President Biden recently nominated his former counselor Neil MacBride to be general counsel of the Treasury Department. If confirmed, MacBride would head up the department’s entire legal division, advising Treasury officials on how to enforce federal regulations. That’s a big job for someone whose record shows a pattern of helping corporations undermine those same federal regulations.
MacBride comes directly from corporate law firm Davis Polk, where he spent eight years leveraging his government experience as a U.S. attorney to defend Big Oil, Big Pharma, and many of the Wall Street giants which caused the 2008 financial crisis. He even sued the Treasury Department on behalf of climate villain ExxonMobil. If Biden’s goal is to undermine trust in government and abandon campaign promises, MacBride is an excellent choice—at Treasury, he would be advising on regulations that would impact the same corporations which have made him wealthy. The White House could not be reached for comment.
MacBride’s career history illustrates this well, beginning with his years at Davis Polk, which is no stranger to the revolving door between government regulators and corporate legal work. When he was hired, the managing director of Davis Polk said the hire reflected the firm’s desire to increase its presence in Washington at a time of heightened regulatory and criminal enforcement. MacBride then was partner and co-chaired Davis Polk’s White Collar Defense & Investigations Group.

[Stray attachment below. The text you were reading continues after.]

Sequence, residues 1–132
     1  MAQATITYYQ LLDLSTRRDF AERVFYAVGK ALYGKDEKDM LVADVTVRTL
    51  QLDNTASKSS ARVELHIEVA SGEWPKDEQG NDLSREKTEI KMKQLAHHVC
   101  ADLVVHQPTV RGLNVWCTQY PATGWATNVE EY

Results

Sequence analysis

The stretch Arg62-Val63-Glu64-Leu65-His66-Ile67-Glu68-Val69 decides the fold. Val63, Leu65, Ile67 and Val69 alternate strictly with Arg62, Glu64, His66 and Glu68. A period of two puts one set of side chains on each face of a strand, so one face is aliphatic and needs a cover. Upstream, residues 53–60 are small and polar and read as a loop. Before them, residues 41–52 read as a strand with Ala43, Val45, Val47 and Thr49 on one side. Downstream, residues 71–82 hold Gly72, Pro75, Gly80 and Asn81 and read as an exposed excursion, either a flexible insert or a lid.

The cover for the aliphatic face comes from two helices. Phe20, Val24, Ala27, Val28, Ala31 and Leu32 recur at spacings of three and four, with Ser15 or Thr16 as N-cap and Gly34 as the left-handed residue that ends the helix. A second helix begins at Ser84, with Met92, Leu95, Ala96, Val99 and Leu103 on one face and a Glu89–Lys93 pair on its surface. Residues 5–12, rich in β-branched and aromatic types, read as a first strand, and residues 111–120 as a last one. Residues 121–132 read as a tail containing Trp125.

MacBride defended those white-collar clients, including Morgan Stanley in litigation surrounding its fraudulent sales of mortgage-backed securities. He also represented S&P over its fraudulent ratings of those securities. Between one of the banks that bundled and sold bad bonds, and the rating agencies which presented them as infallible, MacBride has personally defended two of the corporations most responsible for the global financial crisis.
MacBride also represented oil behemoth ExxonMobil in a case against the Treasury Department itself. Exxon was protesting a $2 million fine it received from the Office of Foreign Assets Control for signing legal documents for a Russian oil and gas project with Rosneft President Igor Sechin, who was sanctioned under U.S. law following the Russian invasion of Crimea. MacBride got Exxon off on a technicality, arguing that its contracts were with the company, which itself was not sanctioned, instead of with Sechin, who was sanctioned in an individual capacity. For MacBride to have fought so intentionally on behalf of Exxon against the department he is now expected to represent has gross implications for exactly which corporations he will recommend legal leniency for when on the job.